Many Illinois-based universities encourage candidates to seek specialties in ESL or bilingual instruction. None, up until now, have required this for every candidate. Loyola’s programmatic revamp explicitly attempts to break the mold with two key changes: (1) emphasis on developing the specific skills and knowledge of all candidates to teach linguistic and culturally diverse students; and (2) the implementation of an entirely field-based apprenticeship model within a myriad of settings that spans the four years.

Loyola views preparing educators for linguistic, cultural, and ability diverse students on par with training for literacy in an era of Common Core and International Baccalaureate policy.

Specific programmatic attention to teaching linguistic and culturally diverse students. Instead of an optional avenue of study, the knowledge and skills that comprise the ESL specialty for Illinois are seen as part and parcel to preparation: foundational linguistic principles, first and second language development, foundational theories in practice, sociopolitical dimensions of language education policy, cross-cultural methods, and assessment.

For candidates who elect the early childhood major, they begin to apply the linguistic and culturally responsive theory and practice with infants, toddlers, and preschoolers. This includes an amplification of their knowledge and skills to include understanding the complexity of language development of young learners with special needs. Recognizing the confluence of factors that influence the identification or misidentification of ELLs with special needs, all early childhood education candidates will earn the special education endorsement.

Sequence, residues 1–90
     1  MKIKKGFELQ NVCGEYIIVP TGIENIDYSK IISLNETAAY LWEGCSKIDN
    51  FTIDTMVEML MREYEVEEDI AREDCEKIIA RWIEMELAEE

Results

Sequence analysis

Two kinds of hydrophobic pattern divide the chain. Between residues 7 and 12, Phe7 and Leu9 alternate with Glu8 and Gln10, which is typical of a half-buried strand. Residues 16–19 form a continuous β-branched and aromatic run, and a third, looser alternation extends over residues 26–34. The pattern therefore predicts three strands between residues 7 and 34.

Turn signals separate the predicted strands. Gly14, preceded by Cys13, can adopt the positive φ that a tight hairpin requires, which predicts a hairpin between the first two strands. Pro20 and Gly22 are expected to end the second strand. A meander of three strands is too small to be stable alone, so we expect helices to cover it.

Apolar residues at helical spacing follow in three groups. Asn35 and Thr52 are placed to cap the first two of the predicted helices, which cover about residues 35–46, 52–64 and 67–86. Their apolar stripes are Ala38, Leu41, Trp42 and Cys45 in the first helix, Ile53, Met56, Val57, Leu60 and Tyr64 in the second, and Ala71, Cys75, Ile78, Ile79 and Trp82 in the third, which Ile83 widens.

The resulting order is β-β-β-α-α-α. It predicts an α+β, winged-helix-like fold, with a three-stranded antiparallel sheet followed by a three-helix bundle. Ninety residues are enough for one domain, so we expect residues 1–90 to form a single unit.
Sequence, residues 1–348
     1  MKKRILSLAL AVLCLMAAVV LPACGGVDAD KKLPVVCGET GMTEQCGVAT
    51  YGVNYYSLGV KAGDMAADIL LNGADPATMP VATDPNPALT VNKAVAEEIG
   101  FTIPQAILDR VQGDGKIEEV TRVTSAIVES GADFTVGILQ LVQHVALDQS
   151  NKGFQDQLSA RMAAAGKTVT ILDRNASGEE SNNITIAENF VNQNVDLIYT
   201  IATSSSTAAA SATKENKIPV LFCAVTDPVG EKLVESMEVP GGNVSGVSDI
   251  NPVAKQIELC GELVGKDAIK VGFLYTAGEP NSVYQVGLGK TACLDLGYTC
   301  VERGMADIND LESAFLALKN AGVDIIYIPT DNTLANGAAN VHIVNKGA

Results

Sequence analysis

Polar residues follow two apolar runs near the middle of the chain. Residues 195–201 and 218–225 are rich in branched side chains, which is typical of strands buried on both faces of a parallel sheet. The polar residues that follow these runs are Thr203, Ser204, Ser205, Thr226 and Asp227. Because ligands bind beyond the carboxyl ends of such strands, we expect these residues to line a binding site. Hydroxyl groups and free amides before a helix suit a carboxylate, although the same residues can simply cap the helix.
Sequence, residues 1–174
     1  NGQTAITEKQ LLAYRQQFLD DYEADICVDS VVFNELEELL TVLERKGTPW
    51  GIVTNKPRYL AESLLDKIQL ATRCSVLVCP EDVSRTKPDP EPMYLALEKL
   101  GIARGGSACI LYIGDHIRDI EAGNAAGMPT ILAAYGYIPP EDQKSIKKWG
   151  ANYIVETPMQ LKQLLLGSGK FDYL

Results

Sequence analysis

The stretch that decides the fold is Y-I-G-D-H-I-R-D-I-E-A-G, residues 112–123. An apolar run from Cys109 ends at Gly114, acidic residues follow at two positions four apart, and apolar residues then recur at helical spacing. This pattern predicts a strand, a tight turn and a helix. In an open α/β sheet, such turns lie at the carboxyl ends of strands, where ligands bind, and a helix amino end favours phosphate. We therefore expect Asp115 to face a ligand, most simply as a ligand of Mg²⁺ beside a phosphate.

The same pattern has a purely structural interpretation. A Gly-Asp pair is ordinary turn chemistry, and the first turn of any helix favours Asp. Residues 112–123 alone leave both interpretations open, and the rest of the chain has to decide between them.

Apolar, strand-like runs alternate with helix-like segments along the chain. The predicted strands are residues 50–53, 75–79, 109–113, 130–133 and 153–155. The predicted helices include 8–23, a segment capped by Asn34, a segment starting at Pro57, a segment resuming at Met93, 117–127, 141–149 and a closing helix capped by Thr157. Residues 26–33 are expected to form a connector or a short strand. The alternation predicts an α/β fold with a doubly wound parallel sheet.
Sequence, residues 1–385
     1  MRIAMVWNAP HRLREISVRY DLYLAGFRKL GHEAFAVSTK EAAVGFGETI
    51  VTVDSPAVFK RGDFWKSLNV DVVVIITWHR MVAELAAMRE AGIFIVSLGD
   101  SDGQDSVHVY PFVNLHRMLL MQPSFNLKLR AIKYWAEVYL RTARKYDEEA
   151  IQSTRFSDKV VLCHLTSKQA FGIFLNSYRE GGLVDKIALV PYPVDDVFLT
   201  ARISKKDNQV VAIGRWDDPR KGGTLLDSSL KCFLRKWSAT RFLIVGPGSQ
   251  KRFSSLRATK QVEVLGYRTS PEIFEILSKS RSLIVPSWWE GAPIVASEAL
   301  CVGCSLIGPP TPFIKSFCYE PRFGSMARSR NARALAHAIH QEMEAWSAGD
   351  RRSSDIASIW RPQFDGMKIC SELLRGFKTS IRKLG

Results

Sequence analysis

For all other candidates outside early childhood, they have the option of taking two additional modules to receive the special education endorsement, as the other state requirements are integrated into the program. In the same vein, while all candidates receive the ESL endorsement, those who seek the bilingual endorsement can add on two additional modules offered in the summer for the bilingual endorsement along with the language test. In addition, Loyola offers an optional School-based Language, Culture, and Pedagogy Immersion program in Mexico City where candidates live with host families and work with local elementary teachers.